Saturday, February 16, 2013

Children and Parents: A Contrast and Comparison Between India and the US

One of the main differences between American and Indian culture is the family structure and hierarchy. It's often the brunt of many stereotypes for both cultures, most of which are not completely accurate.

In both India and the US the children are seen as a priority. The reasoning behind having children differs but that is not the subject of this blog post. In both countries the parents work to save money to pay for their kids education when they grow up. There are a lot of similarities, where children are involved, between both countries. But, there are also some vast differences.

In India the children are raised with the understanding that the parents are responsible for them now, but later the kids will be responsible for the parents. So while the parent pays for everything now the child will grow up (especially if he's male) to earn money and care for the parents. While the child is being raised no expenses are spared. Boys get a nice motorcycle, girls get a lavish wedding, etc. This isn't to say that all the parents do is waste money on the kids. They don't say yes to everything but kids usually grow up fairly well spoiled in India as opposed to American kids.

In America kids are raised with the ideal that they can be whatever they want when they grow up. What the parent can't provide, society might. Society's programs are funded by parents taxes and money they put into the programs, savings, etc. The children are not taught the obligation to grow up and provide for their parents -whether male or female. It is left as a choice or often unspoken and understood. As far as spoiling goes, most American children are not provided cell phones, no one does all their chores and they're not given all the things they want.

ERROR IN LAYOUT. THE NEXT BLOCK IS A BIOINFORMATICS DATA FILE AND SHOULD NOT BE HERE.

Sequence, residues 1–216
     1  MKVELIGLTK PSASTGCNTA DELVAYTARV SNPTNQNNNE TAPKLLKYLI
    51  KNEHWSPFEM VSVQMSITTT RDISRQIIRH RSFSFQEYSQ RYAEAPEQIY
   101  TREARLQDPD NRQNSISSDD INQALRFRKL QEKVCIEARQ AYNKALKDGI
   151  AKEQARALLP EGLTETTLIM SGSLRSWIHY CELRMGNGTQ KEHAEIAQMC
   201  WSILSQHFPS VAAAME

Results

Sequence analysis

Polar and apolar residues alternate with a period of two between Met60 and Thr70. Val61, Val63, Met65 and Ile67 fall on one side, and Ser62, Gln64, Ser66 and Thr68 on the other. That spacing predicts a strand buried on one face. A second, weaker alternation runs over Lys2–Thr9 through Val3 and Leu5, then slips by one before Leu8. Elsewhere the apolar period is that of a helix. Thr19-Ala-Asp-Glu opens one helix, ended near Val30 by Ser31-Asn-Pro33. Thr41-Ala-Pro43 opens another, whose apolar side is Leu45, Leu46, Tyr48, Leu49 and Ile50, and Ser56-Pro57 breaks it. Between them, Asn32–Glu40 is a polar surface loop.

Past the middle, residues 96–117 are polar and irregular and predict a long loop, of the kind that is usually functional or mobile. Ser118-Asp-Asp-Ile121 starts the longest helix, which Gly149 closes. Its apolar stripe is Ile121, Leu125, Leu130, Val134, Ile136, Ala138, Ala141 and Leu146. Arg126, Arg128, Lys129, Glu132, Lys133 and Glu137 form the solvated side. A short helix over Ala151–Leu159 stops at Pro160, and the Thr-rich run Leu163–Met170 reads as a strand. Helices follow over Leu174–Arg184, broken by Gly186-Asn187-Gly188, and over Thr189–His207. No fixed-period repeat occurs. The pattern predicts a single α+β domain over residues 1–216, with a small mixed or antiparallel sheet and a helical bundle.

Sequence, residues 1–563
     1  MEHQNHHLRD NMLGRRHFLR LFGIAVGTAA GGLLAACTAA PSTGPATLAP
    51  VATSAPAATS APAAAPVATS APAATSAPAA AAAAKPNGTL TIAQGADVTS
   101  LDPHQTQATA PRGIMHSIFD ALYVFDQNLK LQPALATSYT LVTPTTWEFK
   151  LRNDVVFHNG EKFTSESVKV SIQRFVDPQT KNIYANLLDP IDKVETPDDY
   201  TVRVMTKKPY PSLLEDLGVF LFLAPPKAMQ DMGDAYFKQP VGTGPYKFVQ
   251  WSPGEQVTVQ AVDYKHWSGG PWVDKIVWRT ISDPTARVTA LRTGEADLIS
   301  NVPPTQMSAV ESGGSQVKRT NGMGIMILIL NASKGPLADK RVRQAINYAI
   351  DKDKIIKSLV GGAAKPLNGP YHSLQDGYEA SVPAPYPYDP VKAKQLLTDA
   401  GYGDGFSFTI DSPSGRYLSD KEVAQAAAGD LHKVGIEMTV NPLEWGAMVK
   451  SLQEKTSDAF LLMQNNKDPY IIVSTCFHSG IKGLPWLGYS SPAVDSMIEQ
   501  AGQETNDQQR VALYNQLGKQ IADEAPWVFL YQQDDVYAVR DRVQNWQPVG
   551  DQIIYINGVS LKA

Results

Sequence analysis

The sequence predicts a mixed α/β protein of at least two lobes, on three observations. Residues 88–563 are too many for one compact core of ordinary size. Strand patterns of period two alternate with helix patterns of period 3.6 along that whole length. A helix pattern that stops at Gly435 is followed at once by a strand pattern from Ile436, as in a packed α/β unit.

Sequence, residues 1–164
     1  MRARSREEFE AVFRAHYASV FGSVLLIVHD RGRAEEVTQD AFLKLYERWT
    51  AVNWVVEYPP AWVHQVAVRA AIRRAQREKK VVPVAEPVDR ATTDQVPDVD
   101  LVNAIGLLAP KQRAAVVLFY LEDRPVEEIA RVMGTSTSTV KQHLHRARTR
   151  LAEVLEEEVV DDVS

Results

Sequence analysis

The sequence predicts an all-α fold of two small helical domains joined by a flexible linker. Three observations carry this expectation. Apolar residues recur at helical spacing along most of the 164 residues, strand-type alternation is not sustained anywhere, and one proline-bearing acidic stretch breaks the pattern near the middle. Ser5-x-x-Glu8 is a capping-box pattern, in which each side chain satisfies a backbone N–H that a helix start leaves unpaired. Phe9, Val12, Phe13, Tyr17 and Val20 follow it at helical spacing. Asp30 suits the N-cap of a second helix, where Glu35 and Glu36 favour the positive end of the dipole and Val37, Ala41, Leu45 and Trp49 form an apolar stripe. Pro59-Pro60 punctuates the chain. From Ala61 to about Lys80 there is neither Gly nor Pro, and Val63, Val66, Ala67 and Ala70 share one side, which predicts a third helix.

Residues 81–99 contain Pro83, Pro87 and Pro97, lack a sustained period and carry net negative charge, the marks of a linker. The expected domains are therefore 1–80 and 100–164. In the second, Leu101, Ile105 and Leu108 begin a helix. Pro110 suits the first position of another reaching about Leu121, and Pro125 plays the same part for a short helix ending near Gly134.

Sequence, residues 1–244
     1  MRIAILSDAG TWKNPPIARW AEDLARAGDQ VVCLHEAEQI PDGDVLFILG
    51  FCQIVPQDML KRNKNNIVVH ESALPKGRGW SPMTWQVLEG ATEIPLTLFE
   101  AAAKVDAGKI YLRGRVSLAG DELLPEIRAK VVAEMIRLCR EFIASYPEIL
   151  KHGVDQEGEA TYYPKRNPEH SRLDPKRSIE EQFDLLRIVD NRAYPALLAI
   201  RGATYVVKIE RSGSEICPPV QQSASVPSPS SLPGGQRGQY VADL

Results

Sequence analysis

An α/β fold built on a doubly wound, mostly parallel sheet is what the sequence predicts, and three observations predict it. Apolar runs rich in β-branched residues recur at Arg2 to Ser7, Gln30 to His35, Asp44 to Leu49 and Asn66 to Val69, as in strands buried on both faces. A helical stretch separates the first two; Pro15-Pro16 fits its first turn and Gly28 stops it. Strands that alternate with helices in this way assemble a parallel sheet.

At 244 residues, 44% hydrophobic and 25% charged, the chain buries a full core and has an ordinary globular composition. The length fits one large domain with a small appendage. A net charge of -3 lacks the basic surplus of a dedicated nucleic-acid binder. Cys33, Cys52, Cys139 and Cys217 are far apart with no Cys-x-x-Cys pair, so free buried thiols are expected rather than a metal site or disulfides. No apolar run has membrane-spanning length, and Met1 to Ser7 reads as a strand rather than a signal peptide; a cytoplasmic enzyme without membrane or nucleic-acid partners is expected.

It's more common for kids in the US to be taught to work for what they want so they can appreciate it more. Kids as young as 14 can get a job (working limited hours) in the private sector. In the home children are assigned chores at much younger ages. Usually it begins with teaching them to pick up their toys and put them away around age 2. The older they get, the more household responsibility they take on. Ideally, they are ready to manage their own home by the time they move out (which could be as early as 18 years old). There is no difference between boys and girls though in many instances the assigned chores are different when they are older. For example, boys may mow the grass while girls clean the kitchen.

In India, it is less likely for children to be assigned chores. I've heard from several families that the girl children are not given chores because they will be expected to do all the chores upon moving into their marital homes. I can only guess that they will need to be taught their MIL's methods and no one in the biological family want's to make things hard for her by teaching her something different than the future MIL would want. Male children may do some of the errands around the home such as running to the store to pick up eggs while mom cooks.

Once the child completes school, the parents play a big part in the decision of where you go to college, what degree you seek out, etc. They determine where you live (whether with them, a family member or in a hostel, etc.). The parents pay the bill for college most of the time and thus make many of the decisions. Failure (even one subject) is often a big problem. During school the child is not expected to work in most cases. They are taken care of just as they were before college.

In the US the child makes all of these decisions, may work while attending college and may live wherever they choose. Many take out student loans, sometimes the parents help pay. There is no predominant path.